I came up with a more concise interface for creating phonological rules in my sound change rewrite, so now it only takes up 20 lines, which is fine.
My next concern is that the current design operates on specific named phonemes, and explicit collections of them. I'd like to overhaul it to work with distinctive features, which would simplify some of the rule definitions. First, though, I need to figure out which theories of distinctive features I want to support, and how to do so. This is a question of specification, and I can't fall back on replicating behavior or porting tests this time.
Here's what I've got from a cursory inspection of Wikipedia and its sources:
- Maybe "distinctive features" aren't universals
- Maybe the distinctive features for vowels aren't what most linguists think. Then again, maybe they are. Maybe it varies by language.
- Historically, distinctive features were thought of as having two values which can both be explicitly reasoned about
- More recently, the idea of features whose absence cannot be explicitly reasoned about gained traction
- Some frameworks use both kinds of feature for different purposes, some go all in on one or the other
- Some that use both (and maybe some that use only binary features?) have the possibility that a binary feature is "unspecified" for some concrete phonemes.
Since I'm currently interested in this for the potential to improve phonological rules, I'm not interested in totally general applicability, just how different approaches apply to phonological rules specifically. Also, for some of this I sort of have an out, in that, whatever categories of feature I include, I don't have to model the details of the feature in the low-level implementation code.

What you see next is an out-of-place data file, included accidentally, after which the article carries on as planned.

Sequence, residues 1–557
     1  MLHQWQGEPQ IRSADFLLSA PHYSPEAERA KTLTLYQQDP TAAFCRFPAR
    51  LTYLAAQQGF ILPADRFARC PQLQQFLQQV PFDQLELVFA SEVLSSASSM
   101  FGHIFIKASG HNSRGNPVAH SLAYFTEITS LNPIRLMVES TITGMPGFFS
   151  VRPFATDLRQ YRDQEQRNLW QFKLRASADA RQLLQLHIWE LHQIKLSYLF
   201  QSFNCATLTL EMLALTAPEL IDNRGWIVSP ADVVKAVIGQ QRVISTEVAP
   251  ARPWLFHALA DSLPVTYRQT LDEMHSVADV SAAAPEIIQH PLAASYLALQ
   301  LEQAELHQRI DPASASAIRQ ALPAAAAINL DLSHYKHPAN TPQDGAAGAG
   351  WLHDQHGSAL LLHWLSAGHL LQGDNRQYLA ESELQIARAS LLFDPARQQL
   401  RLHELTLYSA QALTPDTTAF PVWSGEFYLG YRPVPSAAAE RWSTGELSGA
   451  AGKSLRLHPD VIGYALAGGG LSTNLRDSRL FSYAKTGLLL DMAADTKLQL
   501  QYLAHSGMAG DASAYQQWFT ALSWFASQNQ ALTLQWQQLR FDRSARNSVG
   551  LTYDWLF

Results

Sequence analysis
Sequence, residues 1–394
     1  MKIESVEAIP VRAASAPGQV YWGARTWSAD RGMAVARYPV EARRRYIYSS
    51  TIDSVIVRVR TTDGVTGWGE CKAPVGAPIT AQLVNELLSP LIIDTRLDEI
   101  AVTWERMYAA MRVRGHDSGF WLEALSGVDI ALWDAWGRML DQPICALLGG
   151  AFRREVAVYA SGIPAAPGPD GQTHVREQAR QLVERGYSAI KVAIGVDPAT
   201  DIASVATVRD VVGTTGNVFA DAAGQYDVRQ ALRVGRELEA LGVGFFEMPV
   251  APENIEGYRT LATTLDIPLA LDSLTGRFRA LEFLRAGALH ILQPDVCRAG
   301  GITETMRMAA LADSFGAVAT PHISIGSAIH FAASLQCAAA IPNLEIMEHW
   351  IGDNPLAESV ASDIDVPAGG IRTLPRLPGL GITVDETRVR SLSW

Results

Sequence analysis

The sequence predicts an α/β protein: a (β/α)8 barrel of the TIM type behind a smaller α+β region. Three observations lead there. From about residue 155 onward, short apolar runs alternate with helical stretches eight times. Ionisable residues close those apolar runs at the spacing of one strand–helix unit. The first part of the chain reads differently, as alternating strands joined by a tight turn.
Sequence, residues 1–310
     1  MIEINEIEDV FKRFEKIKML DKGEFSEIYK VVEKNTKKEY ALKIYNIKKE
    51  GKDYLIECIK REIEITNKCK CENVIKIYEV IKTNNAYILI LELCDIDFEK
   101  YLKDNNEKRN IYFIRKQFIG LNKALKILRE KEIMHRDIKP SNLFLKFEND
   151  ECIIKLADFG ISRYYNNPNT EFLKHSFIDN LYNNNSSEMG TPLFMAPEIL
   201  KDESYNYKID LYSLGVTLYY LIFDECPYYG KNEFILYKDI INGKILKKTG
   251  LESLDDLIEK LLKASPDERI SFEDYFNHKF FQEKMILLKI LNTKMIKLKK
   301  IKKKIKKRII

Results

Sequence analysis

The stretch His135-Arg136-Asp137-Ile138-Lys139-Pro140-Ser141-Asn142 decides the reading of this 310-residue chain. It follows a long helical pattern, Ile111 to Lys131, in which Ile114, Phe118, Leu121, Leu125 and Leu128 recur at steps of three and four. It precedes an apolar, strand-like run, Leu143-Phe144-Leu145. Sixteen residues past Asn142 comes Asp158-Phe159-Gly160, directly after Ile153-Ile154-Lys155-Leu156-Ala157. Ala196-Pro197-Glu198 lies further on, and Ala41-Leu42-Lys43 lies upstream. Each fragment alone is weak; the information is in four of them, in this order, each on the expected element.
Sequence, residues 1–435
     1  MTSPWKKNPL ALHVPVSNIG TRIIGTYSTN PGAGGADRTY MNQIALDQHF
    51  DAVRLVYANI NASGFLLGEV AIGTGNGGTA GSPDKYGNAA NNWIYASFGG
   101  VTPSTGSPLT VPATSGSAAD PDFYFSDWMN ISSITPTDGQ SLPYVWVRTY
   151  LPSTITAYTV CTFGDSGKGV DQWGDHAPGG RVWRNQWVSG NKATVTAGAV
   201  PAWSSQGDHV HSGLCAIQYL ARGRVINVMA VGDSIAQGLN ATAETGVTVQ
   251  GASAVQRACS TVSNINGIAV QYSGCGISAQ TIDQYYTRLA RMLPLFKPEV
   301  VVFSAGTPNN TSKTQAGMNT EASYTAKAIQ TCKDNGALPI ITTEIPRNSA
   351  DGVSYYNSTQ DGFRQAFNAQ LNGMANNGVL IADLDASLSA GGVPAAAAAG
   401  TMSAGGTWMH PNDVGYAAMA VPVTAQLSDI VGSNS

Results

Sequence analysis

Speaking of that code, at a high level, there are just a few basic tasks that have to be supported:
- Match a concrete phoneme against a concrete phoneme
- Match a concrete phoneme against a category—that is, a subset of that phoneme's features. Under some theories, I believe a "category" in the sense I'm defining it here is considered an equally real phoneme that the "concrete" phoneme is in some sense a refinement of.
- Match a concrete phoneme against a category and transfer the distinctive aspects of the phoneme within that category to another category.
This last one is, I think, most likely to be problmatic, especially with some of the theories I mention above.
For example, suppose a phoneme changes its place of articulation, perhaps due to assimilation. If doing so causes it to gain or lose featural distinctions, how do I account for that? This sounds like an obvious question to ask, so it should have an answer in the literature already. Hopefully, it's out there, and I just havn't seen it yet because I'm only skimming right now because it's late.
Anyway, tomorrow I'll work on research and specification. I might also start breaking the code up some, because working with a 500-line module is still super-obnoxious.